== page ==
‘McMillion$’: Mark Wahlberg, HBO’s docuseries exposes rigged McDonald’s Monopoly game

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Wahlburgers is the family business, but Mark Wahlberg couldn’t help but sink his teeth into a supersized McDonald’s Monopoly game scandal. 

“Nobody’s said anything to me yet,” the actor says of his family’s response to his new documentary series, “McMillion$,” joking, “It does feel a little bit weird seeing all of those McDondald’s logos, instead of my Wahlburger logos.” 

The six-episode project, premiering at the Sundance Film Festival Tuesday and on HBO Feb. 3 (Mondays, 10 EST/PST) tells the 20-year-old story of the rigged fast food promotion, in which winning tickets were stolen and then sold to the “winners” for years, unbeknownst to the chain. And we’re not talking small fries. Prizes included a hefty $1 million, boats, and even a Dodge Viper. 

Producers say McDonald’s was eventually swindled out of $24 million, but an FBI agent in the series says that from 1989 to 2001, “there were almost no legitimate winners of the high-value game pieces” in the promotion. An anonymous tip relayed to the FBI in 2001 began to put the “Do not pass go” wheels in motion.

Wahlberg repeatedly uses the word “fascinating” to describe the saga and those involved. While he believes “anything that usually comes easy is probably too good to be true,” he understands how tempting a game-winning piece could be.  

“…If somebody comes to you and says, ‘Here, have a $1 million game-winning ticket,’ it’s pretty hard not to think, ‘Well, I’m not hurting anybody.’ ” 

But the actions were not without consequences for some of the prize “winners.” Some of these accomplices who turned in the game pieces were required to split the cash awarded with the masterminds of the operation but were stuck with huge tax bills.

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James Lee Hernandez, who co-directed the docuseries with Brian Lazarte, describes the story as “a massive test of a moral compass in an individual.”

“First, getting into this you think, ‘OK, there’s a criminal side to this. They’re criminals,’ and that’s all you think. And then you meet the people that actually did this, and you realize they’re humans, just like we are. And they’re not necessarily villains.”

One $1 million “winner,” Gloria Brown, thought the opportunity was heaven sent.  

“Sometimes you have… the thing where you want to believe something’s true so bad, you’re willfully ignorant to what some of the circumstances around it really are,” says Hernandez.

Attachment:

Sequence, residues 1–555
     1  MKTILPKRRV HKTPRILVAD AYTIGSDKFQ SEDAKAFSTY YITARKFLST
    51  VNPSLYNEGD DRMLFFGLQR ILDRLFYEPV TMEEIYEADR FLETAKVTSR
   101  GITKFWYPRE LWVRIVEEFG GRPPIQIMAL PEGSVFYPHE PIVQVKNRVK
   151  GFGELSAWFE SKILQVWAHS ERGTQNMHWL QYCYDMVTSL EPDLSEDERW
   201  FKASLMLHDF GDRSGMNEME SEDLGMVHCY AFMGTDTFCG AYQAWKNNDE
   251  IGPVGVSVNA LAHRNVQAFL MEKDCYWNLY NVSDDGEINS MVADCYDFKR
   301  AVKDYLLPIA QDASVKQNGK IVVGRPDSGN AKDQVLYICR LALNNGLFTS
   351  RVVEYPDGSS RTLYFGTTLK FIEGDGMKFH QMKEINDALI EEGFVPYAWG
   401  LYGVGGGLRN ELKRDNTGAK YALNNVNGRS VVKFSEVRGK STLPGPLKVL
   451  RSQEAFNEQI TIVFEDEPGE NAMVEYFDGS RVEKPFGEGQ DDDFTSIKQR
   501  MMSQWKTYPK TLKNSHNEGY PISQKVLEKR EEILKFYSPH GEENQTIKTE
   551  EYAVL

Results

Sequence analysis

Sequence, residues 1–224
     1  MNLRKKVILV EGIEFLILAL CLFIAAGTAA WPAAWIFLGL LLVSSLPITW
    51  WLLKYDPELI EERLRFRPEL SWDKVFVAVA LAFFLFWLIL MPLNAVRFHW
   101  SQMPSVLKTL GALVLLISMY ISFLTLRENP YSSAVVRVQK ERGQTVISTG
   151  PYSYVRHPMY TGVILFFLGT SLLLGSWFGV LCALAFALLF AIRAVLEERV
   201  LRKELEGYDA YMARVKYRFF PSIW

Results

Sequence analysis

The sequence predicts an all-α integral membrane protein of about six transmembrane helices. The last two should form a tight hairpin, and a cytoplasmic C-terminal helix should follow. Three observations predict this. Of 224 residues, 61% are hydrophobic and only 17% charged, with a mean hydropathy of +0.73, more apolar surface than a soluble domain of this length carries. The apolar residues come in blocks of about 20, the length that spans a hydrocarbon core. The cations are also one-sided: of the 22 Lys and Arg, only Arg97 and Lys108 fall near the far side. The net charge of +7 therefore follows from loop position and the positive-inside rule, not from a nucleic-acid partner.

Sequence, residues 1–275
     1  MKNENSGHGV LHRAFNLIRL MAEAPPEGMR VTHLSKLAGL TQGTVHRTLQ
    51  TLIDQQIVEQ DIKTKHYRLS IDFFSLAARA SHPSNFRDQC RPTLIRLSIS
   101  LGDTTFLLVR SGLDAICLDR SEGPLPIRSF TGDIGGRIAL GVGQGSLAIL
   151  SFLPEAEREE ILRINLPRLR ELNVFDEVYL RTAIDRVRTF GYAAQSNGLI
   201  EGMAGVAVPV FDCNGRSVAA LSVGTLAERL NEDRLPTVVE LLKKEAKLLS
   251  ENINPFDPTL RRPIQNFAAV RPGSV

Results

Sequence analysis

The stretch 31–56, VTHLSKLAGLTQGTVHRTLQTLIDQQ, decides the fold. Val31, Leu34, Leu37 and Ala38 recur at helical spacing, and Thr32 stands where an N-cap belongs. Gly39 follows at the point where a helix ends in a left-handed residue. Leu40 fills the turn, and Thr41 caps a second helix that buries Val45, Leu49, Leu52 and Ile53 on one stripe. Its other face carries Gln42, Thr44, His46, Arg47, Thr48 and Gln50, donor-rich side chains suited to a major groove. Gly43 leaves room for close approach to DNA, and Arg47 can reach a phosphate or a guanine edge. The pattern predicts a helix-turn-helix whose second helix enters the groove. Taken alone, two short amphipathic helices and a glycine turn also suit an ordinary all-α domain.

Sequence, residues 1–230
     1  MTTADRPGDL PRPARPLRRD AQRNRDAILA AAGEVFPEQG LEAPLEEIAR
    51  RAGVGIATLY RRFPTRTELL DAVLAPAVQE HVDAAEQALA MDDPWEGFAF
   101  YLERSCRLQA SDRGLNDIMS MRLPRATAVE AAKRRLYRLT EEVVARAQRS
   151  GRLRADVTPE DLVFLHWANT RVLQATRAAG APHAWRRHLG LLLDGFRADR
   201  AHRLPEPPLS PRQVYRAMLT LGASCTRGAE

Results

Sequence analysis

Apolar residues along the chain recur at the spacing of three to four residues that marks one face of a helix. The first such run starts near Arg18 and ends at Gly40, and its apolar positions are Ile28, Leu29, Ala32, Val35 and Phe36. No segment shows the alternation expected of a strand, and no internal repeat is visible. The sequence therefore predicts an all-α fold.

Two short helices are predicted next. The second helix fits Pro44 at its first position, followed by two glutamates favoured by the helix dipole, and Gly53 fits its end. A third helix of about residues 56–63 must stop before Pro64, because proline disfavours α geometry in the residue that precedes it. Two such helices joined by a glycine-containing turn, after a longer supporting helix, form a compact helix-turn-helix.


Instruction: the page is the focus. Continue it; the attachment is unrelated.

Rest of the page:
Hernandez, who was “obsessed” with McDonald’s Monopoly game as a kid and worked for the franchise as a teen, discovered the scandal on Reddit in 2012. Although the FBI investigation prompted multiple indictments on Sept. 10, 2001, the terrorist attacks the following day virtually erases them from news coverage.  

Hernandez’s curiosity prompted a Freedom of Information Act request, which provided the names of the law enforcement officers involved. He received permission to speak to the FBI agents on the case, which he didin person in 2017.  

Lazarte’s question whether the story warranted a docuseries was quickly answered. “It didn’t take long for us to really see that our (subjects) were incredibly rich and provided so much context and color…” he says.

One character who jumps on the screen is FBI Special Agent Doug Mathews, an integral part of the investigation. 

Mathews, who says in the series that he’s “always looking for another fun ride,”  may spark entertaining memes and tweets. Describing the agent who trained him, Mathews said he “has about as much personality as this piece of wood (a desk) right here.”

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To cope with an “extremely boring” part of the investigation, he donned a gold suit for a meeting with McDonald’s. “I had it in the closet,” he recalled in the show, “and I thought this is a great opportunity to wear this. This is like a golden fry suit.” 

A clip shared exclusively with USA TODAY conveys his personality. 

“‘Just make it happen.'” he remembers of his directive for the undercover operation. “I’m thinking to myself, one, ‘Oh, my God, really?’ And then two is, ‘Sweet.'” 

Mathews and his colleagues went undercover, posing as crew members of “Shamrock Productions” to interview supposed “winners,” about their good fortune. This allowed the FBI to capture the perpetrators’ lies on camera, building their case.

Mathews’ antics certainly left an impression on Wahlberg.

“Let’s put it this way, we’re now trying to develop something else with him specifically,” he says. “That’s how much we all like him.”

An accompanying podcast will be released following each episode, in which the directors discuss material that didn’t make it into the show.

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